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Victims: What to do Right Away
If you become the victim of identity theft, act quickly. This can help limit the damage.
1. Call any business where you know fraud took place. Ask to speak to the fraud department. Say your identity was stolen. Ask for your accounts to be closed or frozen so an identity thief cannot add new charges.
2. Place an initial fraud alert on your files. Contact one of the three major U.S. credit reporting companies to report yourself as a victim of identity theft and to place the initial fraud alert. That one company must tell the other two. Ask the credit reporting company you contact for confirmation when this will be done.
3. Order a credit report. By law, you are entitled to a free copy of your credit report once a year from all three companies. You must contact each individually to order a report. You may wish to order one now and the other two at later times to track new activity or corrections. Immediately review your credit report and note any unfamiliar transactions or accounts. Give this information to the authorities, such as the FTC or the police.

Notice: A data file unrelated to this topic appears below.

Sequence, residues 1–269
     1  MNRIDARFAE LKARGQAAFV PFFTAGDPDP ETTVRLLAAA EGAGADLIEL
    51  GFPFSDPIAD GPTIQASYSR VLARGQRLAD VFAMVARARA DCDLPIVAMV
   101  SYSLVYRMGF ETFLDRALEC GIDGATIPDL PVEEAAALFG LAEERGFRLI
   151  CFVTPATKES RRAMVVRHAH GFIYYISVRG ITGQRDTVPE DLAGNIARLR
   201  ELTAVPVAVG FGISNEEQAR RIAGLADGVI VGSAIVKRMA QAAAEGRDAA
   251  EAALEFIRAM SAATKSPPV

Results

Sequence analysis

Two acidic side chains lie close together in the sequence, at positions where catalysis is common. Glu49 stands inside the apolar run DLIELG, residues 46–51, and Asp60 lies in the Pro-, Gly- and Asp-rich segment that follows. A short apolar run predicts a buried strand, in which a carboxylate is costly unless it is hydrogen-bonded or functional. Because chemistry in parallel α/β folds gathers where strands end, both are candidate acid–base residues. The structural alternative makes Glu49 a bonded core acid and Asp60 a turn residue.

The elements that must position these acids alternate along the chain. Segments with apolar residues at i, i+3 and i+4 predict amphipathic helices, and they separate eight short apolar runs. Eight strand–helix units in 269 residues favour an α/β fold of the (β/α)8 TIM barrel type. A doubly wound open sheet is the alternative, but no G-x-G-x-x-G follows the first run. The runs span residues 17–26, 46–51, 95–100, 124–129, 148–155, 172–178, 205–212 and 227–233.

4. File a complaint about the theft with the FTC. You can do this online at ftccomplaintassistant.gov or on the phone at 877-438-4338.
5. File a police report. Go to your local police station, or the police station where the theft occurred. Say you are a victim of identity theft and wish to file a police report. Bring along a copy of your FTC Identity Theft Affidavit, any other proof of identity theft, proof of your address and a government issued photo I.D.
If a police department will not file a report, contact your state Attorney General's office for help.
A fraud alert on your credit report lets lenders and creditors know that they should take steps to verify your identity before they issue you credit. This may help prevent identity thieves from opening new accounts in your name. An initial fraud alert is good for 90 days and may be renewed. You may later choose to place an extended alert, or to place a credit freeze.
Include as much information as possible in your FTC complaint, and follow the instructions carefully. Make sure you save and print your completed complaint. Once it is printed it becomes your Identity Theft Affidavit. The affidavit will be needed to file the police report. Keep a record of the day you filed the complaint, the complaint reference number and make copies of the affidavit. If you need to update your complaint later, you will need your complaint reference number.
The FTC has provided consumers with access to its "Memo To Law Enforcement" that explains the meaning, purpose and importance of an Identity Theft Report to the police. The memo is available at www.identitytheft.gov. Bringing this memo may help you if you find the police are reluctant to have you file a report. You must have a completed Identity Theft Report to prove to businesses that you are an identity theft victim and to exercise all of your rights.
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